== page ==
|LESSON 7||*August 6 - 12|
|Lord of Our Relationships|
Read for This Week's Study:
|Exod. 20:14, 17; Psalms 127; 128; Luke 6:27, 28; Acts 2:41-47; Eph. 4:32; 5:25; 6:1-4.|
|"Bear ye one another's burdens, and so fulfil the law of Christ" (Galatians 6:2, NKJV).|
|God created human beings to enjoy intimate relationships with Him
and with one another. When Jesus Christ is the Lord of our relationships,
we will experience the meaningful intimacy that was part of God's original
Created for relationships. After God had created Adam, He said, 'It is not good that man should be alone' " (Gen. 2:18, NKJV). Adam was not simply a work of art to be admired by his Creator. He was a relational being, created with the innate desire to experience intimacy with God and with other created beings. When the Lord brought Eve to her companion's side, Adam gave the following testimony of the intimacy he was already experiencing: " 'This is now bone of my bones and flesh of my flesh; she shall be called Woman, because she was taken out of Man'" (vs. 23). Moses provides a brief description of the intimate relationship that our first parents enjoyed: "They were both naked, the man and his wife, and were not ashamed" (vs. 25).
So much has changed since that first relational encounter. Relationships have become damaged and fractured by sin. God desires that we experience the meaningful intimate relationships that were part of His original plan.
*Study this week's lesson to prepare for Sabbath, August 13.
The god of Relationships
As human beings, we live in relationship with other human beings. There's no escaping it. Nature itself shows we are meant to exist in relationships.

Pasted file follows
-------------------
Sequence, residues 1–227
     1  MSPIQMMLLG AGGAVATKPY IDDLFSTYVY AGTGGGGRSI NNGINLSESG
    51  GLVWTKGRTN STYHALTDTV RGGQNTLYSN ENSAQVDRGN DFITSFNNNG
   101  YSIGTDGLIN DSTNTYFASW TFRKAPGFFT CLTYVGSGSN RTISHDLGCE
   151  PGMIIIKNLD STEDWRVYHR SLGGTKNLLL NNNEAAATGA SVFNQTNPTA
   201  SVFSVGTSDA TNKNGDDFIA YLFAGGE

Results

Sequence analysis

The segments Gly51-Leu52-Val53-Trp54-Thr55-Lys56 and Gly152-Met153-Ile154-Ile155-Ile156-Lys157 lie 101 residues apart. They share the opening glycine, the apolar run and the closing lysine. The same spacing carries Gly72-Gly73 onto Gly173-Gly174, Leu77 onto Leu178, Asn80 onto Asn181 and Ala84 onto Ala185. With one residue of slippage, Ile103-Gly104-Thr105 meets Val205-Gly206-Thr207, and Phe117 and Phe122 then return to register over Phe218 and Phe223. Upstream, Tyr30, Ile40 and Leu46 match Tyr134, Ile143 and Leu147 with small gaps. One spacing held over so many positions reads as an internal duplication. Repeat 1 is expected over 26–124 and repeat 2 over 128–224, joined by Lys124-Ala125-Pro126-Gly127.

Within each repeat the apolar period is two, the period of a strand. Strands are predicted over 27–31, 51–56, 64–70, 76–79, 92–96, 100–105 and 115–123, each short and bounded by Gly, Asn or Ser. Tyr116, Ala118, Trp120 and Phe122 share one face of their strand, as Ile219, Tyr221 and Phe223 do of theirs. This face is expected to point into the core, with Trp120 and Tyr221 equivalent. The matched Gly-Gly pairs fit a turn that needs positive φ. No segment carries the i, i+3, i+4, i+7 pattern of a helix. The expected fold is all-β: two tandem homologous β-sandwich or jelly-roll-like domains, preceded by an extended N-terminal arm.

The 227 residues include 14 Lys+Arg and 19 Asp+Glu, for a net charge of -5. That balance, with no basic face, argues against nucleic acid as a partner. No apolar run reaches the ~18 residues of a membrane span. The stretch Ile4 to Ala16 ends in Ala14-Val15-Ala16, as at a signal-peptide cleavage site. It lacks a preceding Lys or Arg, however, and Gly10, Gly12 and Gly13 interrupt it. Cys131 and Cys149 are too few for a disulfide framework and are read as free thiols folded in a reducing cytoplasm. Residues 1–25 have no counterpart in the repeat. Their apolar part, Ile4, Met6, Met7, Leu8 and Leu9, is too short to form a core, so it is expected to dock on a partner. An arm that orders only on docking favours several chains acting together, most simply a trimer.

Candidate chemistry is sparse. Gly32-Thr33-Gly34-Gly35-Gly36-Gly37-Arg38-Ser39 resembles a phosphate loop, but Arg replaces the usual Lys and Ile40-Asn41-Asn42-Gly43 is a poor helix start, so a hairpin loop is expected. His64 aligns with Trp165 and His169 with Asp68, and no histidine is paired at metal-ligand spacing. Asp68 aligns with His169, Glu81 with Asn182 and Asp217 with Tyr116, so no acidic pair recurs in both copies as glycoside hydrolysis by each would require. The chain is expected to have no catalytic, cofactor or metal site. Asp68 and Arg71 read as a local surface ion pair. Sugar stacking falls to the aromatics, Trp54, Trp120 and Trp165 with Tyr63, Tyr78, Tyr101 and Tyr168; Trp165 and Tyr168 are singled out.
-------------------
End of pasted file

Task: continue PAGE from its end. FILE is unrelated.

For starters, each one of us is here only because of a relationship that resulted in our birth. And even after birth, infants cannot live but a few hours on their own. They need a relationship to survive; that is, they need at least one other person to take care of their physical needs. And almost as important as the physical are the mental needs, as well. Infants crave love, attention, and affection. From their youngest days infants are aware of, and respond to, human loveto touching, to words, to moods, to attitudes. Babies are made to bond, not with toys or with the bed, but with other people. The children who have loving, close parents to bond with are so much better adjusted than those who never had them. And that's because we were made to be in relationship with other people.
And yet, no matter how basic to our existence and identity as humans, something has gone wrong with our relationships. All around us we can see examples of relationships gone sour. Most of the pain and heartache we suffer as humans, we suffer because of bad relationships.